Re: The free will function

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From: Bruno Marchal <marc...@ulb.ac.be>
Sent: Fri, February 24, 2012 11:58:51 AM
Subject: Re: The free will function

On 23 Feb 2012, at 15:12, marty684 wrote:

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>
________________________________
From: Bruno Marchal <marc...@ulb.ac.be>
>Sent: Thu, February 23, 2012 4:48:10 AM
>Subject: Re: The free will function
>
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>On 22 Feb 2012, at 18:17, marty684 wrote:
>
>Bruno,
>>             If everything is made of numbers (as in COMP)

Nothing is "made of". Everything appears in the mind of Universal numbers
relatively to universal numbers, with hopefully reasonable relative statistics.

Think about a dream. If you dream that you drink coffee, you can understand
that
such a "coffee" is not made of anything. The experience of coffee is due to
some
computation in your brain. With the big picture apparently implied by comp,
even
the brain is like that dreamed coffee: it is not made of anything. It is only
locally made of things due to the infinitely many computations generating your
actual state.

The "matrix" metaphore, or the Galouye "simulacron" metaphore is not so bad.
And we don't need more than the numbers + addition and multiplication to get an
initial dreaming immaterial machinery.

Thanks for this vivid clarification. But...

Read UDA. You might understand that if we are machine (numbers relative to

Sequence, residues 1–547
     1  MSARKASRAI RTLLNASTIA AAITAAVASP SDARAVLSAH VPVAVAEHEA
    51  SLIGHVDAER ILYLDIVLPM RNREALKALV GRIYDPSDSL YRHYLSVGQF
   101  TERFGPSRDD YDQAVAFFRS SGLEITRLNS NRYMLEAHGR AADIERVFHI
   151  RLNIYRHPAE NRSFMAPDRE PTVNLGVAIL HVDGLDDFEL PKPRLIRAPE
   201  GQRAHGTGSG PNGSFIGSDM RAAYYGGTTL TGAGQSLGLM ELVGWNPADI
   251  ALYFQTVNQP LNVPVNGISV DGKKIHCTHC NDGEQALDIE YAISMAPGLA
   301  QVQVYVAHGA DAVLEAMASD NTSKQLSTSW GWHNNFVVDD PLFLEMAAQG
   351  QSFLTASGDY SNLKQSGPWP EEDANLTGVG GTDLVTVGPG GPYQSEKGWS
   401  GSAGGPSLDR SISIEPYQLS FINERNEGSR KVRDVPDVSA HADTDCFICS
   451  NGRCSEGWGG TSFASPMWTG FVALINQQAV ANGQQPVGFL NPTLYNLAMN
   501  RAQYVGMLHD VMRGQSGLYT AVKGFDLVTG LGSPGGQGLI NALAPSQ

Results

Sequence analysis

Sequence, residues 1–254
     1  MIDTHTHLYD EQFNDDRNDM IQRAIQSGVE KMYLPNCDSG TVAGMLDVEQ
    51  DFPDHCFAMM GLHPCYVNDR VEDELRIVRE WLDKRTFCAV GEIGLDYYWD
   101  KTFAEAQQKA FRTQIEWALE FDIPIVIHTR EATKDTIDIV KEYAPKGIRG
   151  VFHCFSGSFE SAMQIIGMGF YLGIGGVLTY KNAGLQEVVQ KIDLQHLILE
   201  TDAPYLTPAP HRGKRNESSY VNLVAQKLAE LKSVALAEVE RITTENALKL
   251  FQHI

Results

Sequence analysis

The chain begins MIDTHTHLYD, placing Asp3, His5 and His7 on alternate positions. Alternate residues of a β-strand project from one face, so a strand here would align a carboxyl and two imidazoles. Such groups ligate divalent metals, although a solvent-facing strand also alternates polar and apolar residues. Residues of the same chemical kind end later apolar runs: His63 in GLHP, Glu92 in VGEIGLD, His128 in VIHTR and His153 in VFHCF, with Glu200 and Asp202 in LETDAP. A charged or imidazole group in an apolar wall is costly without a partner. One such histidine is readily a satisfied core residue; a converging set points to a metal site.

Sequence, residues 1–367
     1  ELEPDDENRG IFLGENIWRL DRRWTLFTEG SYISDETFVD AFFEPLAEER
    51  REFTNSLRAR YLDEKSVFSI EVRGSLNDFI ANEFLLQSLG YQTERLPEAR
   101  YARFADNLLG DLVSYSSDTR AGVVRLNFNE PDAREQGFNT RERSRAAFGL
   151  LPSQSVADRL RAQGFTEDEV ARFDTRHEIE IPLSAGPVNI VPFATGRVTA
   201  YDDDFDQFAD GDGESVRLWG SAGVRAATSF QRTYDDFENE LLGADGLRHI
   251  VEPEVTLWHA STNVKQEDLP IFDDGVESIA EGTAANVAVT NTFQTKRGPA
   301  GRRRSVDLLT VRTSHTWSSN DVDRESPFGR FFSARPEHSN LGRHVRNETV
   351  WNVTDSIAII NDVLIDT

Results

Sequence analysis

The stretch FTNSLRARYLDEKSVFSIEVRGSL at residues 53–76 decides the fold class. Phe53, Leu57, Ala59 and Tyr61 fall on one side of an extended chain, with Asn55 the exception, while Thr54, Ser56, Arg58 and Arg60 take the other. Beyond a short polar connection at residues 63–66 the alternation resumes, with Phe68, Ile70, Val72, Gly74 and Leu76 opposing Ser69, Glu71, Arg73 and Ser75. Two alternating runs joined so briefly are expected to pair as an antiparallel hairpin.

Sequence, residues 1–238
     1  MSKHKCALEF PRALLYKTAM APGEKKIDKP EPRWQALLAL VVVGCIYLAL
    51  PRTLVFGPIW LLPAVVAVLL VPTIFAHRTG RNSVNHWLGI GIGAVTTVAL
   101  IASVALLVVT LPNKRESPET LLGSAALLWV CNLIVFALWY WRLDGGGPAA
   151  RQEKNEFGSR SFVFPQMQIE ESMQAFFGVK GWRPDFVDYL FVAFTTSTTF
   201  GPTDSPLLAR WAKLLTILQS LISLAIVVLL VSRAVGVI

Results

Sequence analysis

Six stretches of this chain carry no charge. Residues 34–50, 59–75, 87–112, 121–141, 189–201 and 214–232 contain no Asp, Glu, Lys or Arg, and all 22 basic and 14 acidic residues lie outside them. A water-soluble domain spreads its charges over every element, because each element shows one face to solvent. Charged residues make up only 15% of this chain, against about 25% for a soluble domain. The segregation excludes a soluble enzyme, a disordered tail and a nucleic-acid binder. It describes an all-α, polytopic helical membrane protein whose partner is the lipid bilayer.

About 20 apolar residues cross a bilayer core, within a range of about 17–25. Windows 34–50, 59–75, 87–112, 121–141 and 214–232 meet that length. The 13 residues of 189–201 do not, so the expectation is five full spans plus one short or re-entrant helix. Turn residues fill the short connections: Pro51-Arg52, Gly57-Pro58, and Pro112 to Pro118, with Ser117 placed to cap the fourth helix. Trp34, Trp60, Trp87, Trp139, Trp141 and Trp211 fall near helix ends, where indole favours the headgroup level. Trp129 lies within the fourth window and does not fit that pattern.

other
numbers), then we cannot knowwhich machine we are, nor which computations
supports us, among an infinity of them. Everything observablebecomes
probabilistic. The probability bears on the infinitely many computations going
through your actual state (that's why they are relative).

Why should probability depend on us; on what we 'know or cannot know' ? On what
is 'observable' to us? It seems to me that you are defining probability by that
which is relative to our 'actual states'. Why can't we
inhabit a seeminglyprobablistic part of an infinite, determined universe ?

But that is the case. If you define the reality by a tiny part of arithmetic
(equivalent with the UD), you have a deterministic structure, which from our
points of view will look indeterministic.

The probability are relative to us, because we are the one doing the
experience.
Suppose you decide to throw a coin. To predict what will happen to you you have
to look at all the computation accessing the computational state you have when
throwing the coin, and infer what will happen from a measure on the
continuations.

I'm delighted to learn that I understood you after all. Thanks for this
further clarification.

problem, so we might single out the precise point where you don't succeed to
grasp why comp put probabilities, or credibilities, uncertainties,  in front of
everything. UDA1-7 is enough to get this. UDA-8 is needed only for the more
subtle immateriality point implied by computationalism.May be you have a
problem
with my english. Please, begin by the step one, on page 4 of sane04, read it,
and tell me precisely what you don't understand in the step 1.  I might need to
re-explain comp to you, or you can glance its definition on page 2.

>
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>My attempts to read UDA were never successful. Sorry.
>

When you will grasp step 1, we will be able to go to the 2th step, and so one.

Bruno

I don't have a problem with your english. I have a problem with
the logical complexity of your work. Also I no longer remember where to find
the
text you're referring to. Warmest wishes,   marty

http://iridia.ulb.ac.be/~marchal/

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